Edwin’s obituary in The Times later stated “In the years just before the War, he arranged interchange visits of British Adult School members and German workmen in the interests of international understanding.  Although the effect of these seemed lost during the War, it was found afterwards that the memories of them often facilitated the relief work of the Society of Friends in Germany.” At the beginning of the war Edwin worked with other Quakers to provide relief – including education – for ‘enemy aliens’ interred in camps. He joined the actively anti-war Birmingham city branch of the
Independent Labour Party in 1916. Later Edwin was asked to take charge of a prison for conscientious objectors at Warwick and afterwards at Wakefield Prison. He resigned following a  revision of the regulations brought additional unnecessary hardship on the objectors. Son Leslie volunteered with the Red Cross in France as an orderly in the Friends’ (Quakers) Ambulance Division, an extremely dangerous job but avoiding fighting. Meanwhile daughter Elsie joined her husband on a visit to Russia in 1916 with Dr Tyler Fox acting as chief medical officer to the Friends’ War Relief Expedition.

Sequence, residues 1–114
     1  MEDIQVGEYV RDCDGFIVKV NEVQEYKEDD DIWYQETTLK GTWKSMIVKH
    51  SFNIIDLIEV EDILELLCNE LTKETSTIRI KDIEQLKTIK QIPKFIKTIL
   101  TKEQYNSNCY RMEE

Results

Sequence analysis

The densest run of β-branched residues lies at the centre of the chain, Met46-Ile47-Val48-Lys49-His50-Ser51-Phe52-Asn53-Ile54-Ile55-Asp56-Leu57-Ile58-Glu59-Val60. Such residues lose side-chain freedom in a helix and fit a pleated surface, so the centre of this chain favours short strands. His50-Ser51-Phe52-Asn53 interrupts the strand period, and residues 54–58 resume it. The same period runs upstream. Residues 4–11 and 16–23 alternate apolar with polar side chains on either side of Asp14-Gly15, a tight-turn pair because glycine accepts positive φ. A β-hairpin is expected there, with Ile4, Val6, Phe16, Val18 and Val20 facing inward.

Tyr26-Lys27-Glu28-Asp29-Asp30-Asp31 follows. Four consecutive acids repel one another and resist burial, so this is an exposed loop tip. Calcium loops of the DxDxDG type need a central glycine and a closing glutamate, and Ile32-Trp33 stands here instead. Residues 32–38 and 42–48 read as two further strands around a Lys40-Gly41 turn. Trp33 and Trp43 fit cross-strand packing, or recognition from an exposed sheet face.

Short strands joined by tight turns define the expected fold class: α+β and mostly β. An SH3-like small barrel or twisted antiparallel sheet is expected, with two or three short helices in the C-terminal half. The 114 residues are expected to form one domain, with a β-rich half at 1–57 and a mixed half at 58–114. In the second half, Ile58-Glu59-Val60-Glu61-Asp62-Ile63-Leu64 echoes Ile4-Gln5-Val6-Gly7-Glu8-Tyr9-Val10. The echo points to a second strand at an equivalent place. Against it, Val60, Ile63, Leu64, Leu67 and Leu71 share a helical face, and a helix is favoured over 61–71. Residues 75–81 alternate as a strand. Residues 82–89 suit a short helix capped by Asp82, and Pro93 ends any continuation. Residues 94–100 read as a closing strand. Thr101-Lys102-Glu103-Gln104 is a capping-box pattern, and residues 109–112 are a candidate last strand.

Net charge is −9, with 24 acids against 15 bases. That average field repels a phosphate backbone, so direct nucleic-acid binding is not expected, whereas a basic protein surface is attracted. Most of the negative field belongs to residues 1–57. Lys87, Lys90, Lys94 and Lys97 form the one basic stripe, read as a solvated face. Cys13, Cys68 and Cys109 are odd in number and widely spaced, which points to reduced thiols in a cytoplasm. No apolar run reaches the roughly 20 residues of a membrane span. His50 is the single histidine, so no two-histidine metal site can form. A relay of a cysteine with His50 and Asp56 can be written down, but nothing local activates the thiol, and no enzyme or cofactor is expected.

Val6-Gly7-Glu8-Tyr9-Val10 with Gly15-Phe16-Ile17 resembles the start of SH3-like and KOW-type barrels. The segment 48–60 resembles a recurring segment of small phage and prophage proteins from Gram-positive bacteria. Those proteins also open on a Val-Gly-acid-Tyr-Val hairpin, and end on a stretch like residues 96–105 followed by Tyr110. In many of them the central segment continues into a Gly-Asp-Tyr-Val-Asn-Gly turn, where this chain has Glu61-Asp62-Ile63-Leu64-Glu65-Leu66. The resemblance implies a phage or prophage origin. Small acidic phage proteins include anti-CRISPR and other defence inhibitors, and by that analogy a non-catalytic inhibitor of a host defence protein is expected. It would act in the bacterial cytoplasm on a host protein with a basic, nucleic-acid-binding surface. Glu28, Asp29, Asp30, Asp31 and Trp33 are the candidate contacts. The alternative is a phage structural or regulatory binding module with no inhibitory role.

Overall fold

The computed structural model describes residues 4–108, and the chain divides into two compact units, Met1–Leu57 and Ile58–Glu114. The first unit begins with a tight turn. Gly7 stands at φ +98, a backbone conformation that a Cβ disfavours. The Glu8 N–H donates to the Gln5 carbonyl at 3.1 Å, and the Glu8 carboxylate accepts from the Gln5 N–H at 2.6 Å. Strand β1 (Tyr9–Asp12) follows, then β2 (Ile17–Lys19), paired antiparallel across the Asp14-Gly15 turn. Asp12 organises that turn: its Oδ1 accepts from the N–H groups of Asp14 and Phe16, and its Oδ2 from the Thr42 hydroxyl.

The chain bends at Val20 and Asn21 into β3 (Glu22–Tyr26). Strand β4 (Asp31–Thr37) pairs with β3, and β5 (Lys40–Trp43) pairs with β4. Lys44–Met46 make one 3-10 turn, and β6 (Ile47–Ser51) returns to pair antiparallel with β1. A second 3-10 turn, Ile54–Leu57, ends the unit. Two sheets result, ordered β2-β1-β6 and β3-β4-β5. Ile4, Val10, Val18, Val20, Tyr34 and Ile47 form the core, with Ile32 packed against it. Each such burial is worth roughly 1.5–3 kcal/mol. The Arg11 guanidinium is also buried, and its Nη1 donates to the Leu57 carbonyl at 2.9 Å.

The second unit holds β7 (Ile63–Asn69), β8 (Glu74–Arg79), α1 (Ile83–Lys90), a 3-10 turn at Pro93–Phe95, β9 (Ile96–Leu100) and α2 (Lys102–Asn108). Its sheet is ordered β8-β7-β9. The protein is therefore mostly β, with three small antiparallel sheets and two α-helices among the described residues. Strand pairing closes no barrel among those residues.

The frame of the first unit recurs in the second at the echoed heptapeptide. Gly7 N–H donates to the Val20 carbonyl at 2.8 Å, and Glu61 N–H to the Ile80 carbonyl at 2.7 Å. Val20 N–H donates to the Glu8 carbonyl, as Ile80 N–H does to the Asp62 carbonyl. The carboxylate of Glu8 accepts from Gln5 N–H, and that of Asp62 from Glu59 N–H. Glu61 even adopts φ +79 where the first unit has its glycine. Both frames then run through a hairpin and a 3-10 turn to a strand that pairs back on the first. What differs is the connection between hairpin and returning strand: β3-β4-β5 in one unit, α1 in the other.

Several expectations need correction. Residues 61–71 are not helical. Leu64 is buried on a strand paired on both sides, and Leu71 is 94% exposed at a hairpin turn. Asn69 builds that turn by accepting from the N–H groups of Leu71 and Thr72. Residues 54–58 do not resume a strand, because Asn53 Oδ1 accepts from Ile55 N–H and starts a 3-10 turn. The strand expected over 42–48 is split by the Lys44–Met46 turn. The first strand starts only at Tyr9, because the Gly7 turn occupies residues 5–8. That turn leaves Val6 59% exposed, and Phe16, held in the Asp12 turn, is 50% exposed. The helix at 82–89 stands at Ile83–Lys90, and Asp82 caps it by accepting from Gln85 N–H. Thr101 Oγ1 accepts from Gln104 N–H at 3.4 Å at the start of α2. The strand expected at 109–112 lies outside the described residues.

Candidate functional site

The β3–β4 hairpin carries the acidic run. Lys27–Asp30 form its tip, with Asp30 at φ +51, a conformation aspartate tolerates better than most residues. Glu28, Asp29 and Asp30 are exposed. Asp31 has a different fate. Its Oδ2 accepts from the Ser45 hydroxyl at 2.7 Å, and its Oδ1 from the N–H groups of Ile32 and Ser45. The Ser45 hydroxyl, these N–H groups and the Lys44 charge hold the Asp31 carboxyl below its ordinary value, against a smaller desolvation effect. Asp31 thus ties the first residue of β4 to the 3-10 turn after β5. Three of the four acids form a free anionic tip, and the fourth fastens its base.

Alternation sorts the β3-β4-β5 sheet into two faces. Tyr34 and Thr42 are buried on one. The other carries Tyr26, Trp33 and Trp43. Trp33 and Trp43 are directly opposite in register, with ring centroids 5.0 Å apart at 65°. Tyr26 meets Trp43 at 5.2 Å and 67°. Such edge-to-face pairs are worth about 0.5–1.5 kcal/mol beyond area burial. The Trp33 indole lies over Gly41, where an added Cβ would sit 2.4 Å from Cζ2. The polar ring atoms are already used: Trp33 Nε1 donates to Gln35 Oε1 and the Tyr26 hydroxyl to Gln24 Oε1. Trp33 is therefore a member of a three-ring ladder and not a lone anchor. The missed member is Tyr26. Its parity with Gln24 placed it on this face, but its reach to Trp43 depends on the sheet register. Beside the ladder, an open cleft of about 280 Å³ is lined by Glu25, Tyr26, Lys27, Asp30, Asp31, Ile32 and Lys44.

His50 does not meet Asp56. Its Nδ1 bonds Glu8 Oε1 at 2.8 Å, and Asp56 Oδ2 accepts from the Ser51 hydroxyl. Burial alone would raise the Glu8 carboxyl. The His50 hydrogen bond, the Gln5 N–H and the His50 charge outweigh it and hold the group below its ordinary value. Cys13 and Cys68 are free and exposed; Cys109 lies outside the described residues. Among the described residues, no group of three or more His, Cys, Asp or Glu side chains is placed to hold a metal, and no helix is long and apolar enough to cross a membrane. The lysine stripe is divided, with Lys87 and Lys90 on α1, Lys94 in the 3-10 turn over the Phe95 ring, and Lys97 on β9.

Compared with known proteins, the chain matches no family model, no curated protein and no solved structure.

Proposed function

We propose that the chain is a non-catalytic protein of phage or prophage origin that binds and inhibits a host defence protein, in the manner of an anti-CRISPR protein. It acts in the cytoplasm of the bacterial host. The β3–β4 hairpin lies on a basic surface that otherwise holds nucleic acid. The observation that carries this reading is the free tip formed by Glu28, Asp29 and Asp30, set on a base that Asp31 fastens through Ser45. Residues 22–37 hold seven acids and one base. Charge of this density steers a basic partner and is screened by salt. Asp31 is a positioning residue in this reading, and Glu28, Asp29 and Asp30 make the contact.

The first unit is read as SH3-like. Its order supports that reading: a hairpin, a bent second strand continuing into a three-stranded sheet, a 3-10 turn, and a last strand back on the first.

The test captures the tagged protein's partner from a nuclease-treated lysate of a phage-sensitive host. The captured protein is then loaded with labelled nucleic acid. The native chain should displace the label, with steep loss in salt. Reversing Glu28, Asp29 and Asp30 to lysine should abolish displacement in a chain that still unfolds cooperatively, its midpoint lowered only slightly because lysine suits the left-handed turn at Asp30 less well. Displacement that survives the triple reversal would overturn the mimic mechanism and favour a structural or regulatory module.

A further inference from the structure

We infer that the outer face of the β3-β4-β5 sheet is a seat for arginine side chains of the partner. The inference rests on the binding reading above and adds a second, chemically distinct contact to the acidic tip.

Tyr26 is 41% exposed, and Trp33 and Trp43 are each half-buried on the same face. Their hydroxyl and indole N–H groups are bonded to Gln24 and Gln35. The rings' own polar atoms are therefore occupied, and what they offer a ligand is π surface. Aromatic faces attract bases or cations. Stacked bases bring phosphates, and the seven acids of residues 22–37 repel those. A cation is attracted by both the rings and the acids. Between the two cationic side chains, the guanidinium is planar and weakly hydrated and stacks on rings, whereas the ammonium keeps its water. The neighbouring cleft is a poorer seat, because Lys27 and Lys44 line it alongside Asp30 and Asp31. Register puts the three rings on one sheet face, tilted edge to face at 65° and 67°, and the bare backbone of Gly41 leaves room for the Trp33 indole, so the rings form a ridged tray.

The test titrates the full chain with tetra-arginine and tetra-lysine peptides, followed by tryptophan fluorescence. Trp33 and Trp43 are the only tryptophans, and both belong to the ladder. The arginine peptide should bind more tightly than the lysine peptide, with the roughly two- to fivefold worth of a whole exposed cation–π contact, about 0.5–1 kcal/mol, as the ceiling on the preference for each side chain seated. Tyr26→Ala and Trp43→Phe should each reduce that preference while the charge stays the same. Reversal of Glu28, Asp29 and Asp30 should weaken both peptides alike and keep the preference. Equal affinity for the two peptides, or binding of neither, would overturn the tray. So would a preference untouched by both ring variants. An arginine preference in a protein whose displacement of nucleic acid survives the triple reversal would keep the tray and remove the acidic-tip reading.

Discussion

Immediately after the War Edwin joined a party of Quakers in visiting Germany  to investigate conditions in children’s homes and hospital. Gilbert shared their experiences in a newspaper article to raise awareness and raise relief funds, quoting Frederick Merttens: “The little babies were a heart breaking sight…and we turned away too overcome for words.” In 1919 Edwin helped to found a community centre in Plymouth called Swathmore Hall. He was appointed President of the National Adult School Union in 1922.